“My SSRI gave me pretty bad insomnia too when I first got on it,” I tell her.
I see her turn to look at me out of the corner of my eye. “You’re on antidepressants?”
“Yup, have been for a while. But can we pause this conversation until we get to the hotel? I need help navigating my way out of this maze,” I say, handing her my phone.
She pulls up the GPS and gets me to where we need to go. We’re quiet the rest of the ride, other than her instructions of “turn left here” or “there’s a merge up ahead and you need to be in the right lane”. You can tell how old this city is from all the twists and turns it takes us to get from the airport to the hotel I booked near the rehabilitation center we’re going to tomorrow. Nothing seems to run in a straight line here, and the roads are so narrow you can tell they’ve barely been widened since the days when horses and carriages were their main source of traffic.
“Well, we survived, and that’s all that matters,” Dad says cheerily when I park. There were a few close calls there. Boston drivers are fucking scary.
Mom gives him A Look. She’s not a fan of car related jokes, for obvious reasons.
“Sorry, you know what I meant,” he amends.
I pull on a hat when we get out, and stand in a darker corner of the lobby while they check us in. I booked the rooms under their names, just in case. It doesn’t matter. A bell hop spots me almost immediately, doing a double take as he walks toward the door and then beelining straight toward me.
“Hey, man,” he says, extending a hand. “I’m a huge fan.”
I plaster a smile on my face and shake his hand. “Thanks.”
“I follow you on Twitter,” he tells me.
I nod. This could go one of two ways. Which always causes me some small amount of stress as I wait for the other shoe to drop. Being so removed from recognition for so long makes me rusty at this, too, and I’m more nervous than normal – something I really don’t need right now. I should have stayed in the fucking Jeep.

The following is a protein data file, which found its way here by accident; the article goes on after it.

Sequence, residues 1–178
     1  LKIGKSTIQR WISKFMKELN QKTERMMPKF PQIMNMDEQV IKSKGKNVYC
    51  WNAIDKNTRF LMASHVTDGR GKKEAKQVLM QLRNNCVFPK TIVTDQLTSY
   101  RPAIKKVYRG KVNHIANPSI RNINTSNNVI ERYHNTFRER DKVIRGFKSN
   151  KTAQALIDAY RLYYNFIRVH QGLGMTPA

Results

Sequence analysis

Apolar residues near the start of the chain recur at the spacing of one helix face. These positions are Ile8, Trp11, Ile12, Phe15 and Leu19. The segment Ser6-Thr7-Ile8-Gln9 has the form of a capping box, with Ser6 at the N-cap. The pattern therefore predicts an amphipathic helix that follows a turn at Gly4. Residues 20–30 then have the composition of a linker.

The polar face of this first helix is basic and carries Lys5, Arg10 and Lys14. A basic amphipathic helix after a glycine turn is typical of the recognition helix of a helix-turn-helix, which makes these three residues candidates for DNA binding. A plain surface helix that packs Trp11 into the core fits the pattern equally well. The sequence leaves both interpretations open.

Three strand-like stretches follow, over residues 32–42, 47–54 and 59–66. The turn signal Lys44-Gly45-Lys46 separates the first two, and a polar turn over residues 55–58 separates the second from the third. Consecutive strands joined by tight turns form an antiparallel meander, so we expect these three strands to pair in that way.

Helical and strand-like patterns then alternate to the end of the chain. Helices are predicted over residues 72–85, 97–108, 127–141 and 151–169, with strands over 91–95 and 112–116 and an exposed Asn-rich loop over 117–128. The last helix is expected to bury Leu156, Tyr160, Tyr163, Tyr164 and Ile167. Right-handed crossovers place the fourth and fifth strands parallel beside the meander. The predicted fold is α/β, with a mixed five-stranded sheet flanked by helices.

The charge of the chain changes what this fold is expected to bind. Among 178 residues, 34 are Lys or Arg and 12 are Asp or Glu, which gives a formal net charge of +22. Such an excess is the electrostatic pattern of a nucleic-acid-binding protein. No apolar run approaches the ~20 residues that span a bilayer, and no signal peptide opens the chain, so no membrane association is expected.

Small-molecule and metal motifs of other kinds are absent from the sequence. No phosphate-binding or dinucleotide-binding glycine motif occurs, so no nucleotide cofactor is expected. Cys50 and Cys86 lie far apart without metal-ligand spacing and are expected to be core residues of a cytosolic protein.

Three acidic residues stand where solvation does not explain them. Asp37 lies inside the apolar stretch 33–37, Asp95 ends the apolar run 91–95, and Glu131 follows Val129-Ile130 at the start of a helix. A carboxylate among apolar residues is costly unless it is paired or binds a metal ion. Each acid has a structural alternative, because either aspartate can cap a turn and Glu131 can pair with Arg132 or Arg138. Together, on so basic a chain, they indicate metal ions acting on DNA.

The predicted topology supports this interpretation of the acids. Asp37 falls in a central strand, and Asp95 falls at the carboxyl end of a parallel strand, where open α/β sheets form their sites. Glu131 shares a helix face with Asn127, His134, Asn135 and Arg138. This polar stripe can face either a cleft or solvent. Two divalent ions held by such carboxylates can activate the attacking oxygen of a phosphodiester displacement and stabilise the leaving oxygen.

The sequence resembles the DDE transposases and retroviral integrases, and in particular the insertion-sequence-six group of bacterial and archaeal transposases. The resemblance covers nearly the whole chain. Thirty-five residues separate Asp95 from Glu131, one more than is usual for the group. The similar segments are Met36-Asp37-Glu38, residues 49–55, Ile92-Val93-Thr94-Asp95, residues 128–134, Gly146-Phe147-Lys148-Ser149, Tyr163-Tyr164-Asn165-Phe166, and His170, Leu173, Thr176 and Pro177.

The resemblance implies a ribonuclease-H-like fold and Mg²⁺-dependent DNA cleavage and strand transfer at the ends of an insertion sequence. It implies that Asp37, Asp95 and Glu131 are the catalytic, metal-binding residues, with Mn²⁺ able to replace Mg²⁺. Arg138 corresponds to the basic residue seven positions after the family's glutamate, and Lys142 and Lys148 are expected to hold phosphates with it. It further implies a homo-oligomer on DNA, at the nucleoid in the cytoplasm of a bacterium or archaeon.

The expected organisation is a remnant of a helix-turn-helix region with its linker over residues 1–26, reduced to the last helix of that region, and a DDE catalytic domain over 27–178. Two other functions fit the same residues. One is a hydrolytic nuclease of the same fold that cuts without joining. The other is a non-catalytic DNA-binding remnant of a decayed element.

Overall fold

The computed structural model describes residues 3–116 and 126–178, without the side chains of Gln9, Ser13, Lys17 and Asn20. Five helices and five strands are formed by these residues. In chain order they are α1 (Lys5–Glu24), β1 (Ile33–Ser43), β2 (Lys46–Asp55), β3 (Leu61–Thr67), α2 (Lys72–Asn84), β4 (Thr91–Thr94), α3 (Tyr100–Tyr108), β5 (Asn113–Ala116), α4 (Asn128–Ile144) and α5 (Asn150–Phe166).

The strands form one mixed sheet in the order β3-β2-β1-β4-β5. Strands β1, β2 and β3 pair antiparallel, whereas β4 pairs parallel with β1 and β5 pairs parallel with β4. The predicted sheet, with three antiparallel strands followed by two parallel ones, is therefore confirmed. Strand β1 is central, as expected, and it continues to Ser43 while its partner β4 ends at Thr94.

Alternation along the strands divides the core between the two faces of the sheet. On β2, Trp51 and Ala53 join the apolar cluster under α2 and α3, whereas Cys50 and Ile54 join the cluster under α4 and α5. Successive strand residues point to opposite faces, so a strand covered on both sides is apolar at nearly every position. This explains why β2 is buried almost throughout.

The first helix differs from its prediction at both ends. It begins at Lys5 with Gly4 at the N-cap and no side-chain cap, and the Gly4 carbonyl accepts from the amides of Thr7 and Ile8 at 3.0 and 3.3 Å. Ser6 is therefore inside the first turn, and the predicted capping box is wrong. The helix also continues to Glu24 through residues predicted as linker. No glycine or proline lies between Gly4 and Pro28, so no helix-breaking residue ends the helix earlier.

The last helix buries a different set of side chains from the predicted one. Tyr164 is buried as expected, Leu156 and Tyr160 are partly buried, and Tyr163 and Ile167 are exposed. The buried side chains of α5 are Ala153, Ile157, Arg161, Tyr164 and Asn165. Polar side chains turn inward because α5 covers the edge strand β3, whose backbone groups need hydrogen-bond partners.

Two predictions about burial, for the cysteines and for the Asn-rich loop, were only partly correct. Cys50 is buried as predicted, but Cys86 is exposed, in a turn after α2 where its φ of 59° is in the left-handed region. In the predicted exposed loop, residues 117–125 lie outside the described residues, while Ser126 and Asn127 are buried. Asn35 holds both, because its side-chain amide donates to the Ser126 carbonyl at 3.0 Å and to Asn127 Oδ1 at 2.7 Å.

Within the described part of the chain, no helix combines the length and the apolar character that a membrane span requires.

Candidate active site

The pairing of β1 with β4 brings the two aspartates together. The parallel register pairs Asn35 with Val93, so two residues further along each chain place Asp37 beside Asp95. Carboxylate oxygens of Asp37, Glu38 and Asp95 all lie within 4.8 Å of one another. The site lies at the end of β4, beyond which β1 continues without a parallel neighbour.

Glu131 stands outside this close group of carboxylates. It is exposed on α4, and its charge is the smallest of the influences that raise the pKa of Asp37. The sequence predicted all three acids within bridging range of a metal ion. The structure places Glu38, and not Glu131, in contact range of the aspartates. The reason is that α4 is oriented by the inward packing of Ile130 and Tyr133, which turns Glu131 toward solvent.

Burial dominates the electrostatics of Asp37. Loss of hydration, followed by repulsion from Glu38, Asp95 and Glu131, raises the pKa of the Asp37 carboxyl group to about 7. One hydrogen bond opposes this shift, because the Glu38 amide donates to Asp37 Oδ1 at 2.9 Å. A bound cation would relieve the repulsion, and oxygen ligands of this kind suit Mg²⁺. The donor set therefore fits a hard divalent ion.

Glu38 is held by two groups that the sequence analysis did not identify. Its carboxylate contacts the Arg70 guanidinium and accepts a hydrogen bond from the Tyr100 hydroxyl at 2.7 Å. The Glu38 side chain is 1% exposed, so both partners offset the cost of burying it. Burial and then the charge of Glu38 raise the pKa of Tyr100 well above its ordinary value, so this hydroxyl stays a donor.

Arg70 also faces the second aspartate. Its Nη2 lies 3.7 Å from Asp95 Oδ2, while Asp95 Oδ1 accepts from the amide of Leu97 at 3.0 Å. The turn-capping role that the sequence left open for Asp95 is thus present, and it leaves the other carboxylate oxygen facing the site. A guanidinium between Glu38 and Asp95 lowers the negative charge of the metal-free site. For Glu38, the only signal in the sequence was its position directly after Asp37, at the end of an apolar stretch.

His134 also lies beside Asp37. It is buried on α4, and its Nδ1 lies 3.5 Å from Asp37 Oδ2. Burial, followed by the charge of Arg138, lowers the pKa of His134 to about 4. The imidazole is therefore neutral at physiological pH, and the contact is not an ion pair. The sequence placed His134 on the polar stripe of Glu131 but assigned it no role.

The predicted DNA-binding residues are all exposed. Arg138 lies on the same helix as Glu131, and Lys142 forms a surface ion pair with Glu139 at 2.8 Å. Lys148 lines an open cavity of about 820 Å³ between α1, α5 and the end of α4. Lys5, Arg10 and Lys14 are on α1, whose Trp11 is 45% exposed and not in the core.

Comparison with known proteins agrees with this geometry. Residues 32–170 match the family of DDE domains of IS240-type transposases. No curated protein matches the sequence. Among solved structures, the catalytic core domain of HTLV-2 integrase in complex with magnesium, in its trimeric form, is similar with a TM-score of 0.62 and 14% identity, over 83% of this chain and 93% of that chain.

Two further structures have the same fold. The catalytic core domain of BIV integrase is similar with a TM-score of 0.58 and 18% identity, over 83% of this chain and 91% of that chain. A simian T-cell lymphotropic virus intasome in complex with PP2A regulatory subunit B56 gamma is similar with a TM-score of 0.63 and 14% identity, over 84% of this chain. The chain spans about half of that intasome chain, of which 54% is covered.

“Thank you, for all the stuff you link,” the guy says, his Boston accent heavy. “We were gonna put our boys in the pee wee league, but after reading all of those articles, we put them in baseball instead.”
“You’re welcome, man,” I tell him.
He nods, and then looks around the lobby. “You park in the garage underneath the hotel?”
“In the back corner of it, there’s an elevator no one uses because its so damn far away from everything. Takes you right up to all the floors, though. If you’re trying to fly under the radar, you might want to stick to that from now on. It’s way down that hallway,” he says, pointing.
“Thanks. I will.”
“No problem, man. Keep up the good work,” he says, and then walks away.
“What was that about?” Dad asks, holding out a hotel key card as he rejoins me.
“Just giving me some advice on how to keep a lower profile,” I answer, taking it. “He told me the articles I linked on Twitter kept him and his partner from putting their boys into pee wee.”
“That’s amazing, Benny,” Mom says, joining us. “It makes me so happy whenever someone tells us we’ve made a difference.”
“It’s a pretty good feeling,” I tell her.
Together, we head toward that all but abandoned elevator. I keep my head down the whole way and try to make myself seem smaller, but I learned early on that a guy my size draws eyes no matter if he’s famous or not. Still, the few people we pass move along without comment, and I hope they didn’t recognize me or Mom.
Once we’re upstairs, we get settled into our rooms, Mom and Dad showering after their long day of travel while I unpack my stuff and look through the menus of the nearby restaurants.
I knock on their door a while later, and Dad opens it.
“So, about those meds,” I say to Mom as I settle in on their couch.
Copyright © 2018 by Navessa Allen
All rights reserved. No part of this publication may be reproduced, distributed, or transmitted in any form or by any means, including photocopying, recording, or other electronic or mechanical methods, without the prior written permission of the author, except in the case of brief quotations embodied in critical reviews and certain other noncommercial uses permitted by copyright law.
This is a work of fiction. Names, characters, places, and incidents either are the products of the author’s imagination or are used fictitiously. Any resemblance to actual persons, living or dead, businesses, companies, events, or locales is entirely coincidental.
Enjoy what you’re reading? Be sure to like this post and comment. I appreciate any and all feedback!